I read the news today, oh boy. (some of you may remember this Beatles’ line from one of their albums, Sgt. Pepper maybe.)
Actually, most of these itemscome from sources other than newspapers.
Barbara Ehrenreich’s new book, for example, is reported to contain this lovely statistic:
Between 1979 and 2007, the top 1% of American households saw their share of all pretax income nearly double—while the share of the bottom 80% of households fell by 7%! To put this in another perspective, according to the NY Times, it is as if every household in the bottom 80% had written a check for $7,000 every year and sent it to the top 1%.
The question is, why has there been no reaction to this???
Another item, this one heard on “This American Life,” NPR’s radio show hosted by Ira Glass, added to my ire about healthcare, which was the theme of the show. The first segment was titled “One Pill Two Pill, Red Pill Blue Pill”—after Obama’s admonition to consumers to buy the blue pill if it’s cheaper. On the segment, Planet Money’s Chana Joffe-Walt explained the scam behind the drug companies’ generosity in handing out prescription drug coupons. Here’s how it works. First, the ploy was invented to combat the moves by Health Insurers to use co-pays (what the customer pays after his Health plan pays part of the drug’s cost) to discourage customers from choosing very expensive, name-brand drugs and choosing cheaper generics instead. That is, generics, in virtually all cases, are just as effective as name brand drugs like Lipitor, but are many magnitudes cheaper. If you use the generic, the Health plans make your co-pay considerably less, because their payment is also less. Seems to make sense.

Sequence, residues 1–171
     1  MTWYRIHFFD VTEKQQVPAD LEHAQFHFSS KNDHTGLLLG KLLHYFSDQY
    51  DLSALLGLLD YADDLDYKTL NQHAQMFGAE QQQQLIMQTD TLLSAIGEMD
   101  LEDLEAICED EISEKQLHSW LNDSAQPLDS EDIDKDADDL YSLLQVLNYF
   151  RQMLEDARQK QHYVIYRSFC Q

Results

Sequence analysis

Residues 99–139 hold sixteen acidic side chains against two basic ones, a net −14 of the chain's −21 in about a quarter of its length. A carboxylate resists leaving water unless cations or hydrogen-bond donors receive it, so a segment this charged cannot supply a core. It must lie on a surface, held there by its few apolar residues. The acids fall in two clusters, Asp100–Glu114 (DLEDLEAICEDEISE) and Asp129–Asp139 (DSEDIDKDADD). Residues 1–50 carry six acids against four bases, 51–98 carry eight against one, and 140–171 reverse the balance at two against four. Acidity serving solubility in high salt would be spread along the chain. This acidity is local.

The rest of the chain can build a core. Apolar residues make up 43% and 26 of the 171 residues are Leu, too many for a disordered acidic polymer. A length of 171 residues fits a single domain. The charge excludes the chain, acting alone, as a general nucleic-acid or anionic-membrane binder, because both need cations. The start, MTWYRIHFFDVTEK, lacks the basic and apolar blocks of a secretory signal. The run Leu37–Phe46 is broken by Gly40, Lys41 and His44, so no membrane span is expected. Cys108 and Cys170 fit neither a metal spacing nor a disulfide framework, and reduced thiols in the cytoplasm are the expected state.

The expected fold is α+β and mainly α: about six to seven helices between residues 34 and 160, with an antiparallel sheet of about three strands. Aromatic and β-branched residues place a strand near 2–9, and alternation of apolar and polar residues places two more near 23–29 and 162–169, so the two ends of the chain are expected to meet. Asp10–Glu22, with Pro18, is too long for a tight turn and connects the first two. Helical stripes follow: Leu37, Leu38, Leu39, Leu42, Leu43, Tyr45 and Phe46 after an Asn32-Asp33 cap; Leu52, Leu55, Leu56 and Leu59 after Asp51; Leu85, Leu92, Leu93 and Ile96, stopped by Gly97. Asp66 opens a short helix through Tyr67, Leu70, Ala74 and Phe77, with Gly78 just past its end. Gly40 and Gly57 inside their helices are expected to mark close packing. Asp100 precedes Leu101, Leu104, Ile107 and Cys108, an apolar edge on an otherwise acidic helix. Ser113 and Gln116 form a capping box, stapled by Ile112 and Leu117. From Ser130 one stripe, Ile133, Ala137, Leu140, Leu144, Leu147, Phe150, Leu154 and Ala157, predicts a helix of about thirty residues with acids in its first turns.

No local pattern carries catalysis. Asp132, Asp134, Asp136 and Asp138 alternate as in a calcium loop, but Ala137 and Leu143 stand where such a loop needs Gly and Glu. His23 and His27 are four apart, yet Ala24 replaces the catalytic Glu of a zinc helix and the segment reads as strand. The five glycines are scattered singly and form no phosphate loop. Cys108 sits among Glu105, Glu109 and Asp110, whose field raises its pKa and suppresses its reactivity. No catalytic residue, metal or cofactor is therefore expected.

But the drug companies couldn’t let their cash cows be dissed this way. And so they came up with the prescription coupon. You get the coupon “free”—either from your doctor, or directly from the drug company. With it, you can get a huge discount on your prescription. Thus, one name-brand drug used by a guy with acne, sold for about $600-800 a month. His co-pay had been $130, but with the prescription card, it was only $10. What a great deal! he thought. And who wouldn’t? The problem comes in the details: though the drug company only got $10 from the consumer, it billed the health care provider over $600. And it worked beautifully: the doctor prescribes the name brand, knowing his patient can get it cheaply, and having no idea that the drug company is making a huge profit from the health provider. But that’s not the end of it. In order to stay profitable with this kind of payout, the health care provider will naturally have to charge its customers more—all of which comes back to the poor consumer in the end, who is hit with rising costs for health care.
This is really the gorilla in the room of the whole health care debate. Doctors say they can’t be expected to know how much drugs cost—so they just assume patients have health care, and prescribe name brands which cost 10 or 20 times what the generics do. Who makes money? Pfizer and their ilk. And who gets screwed? As always, it’s John/Jane Q. Public.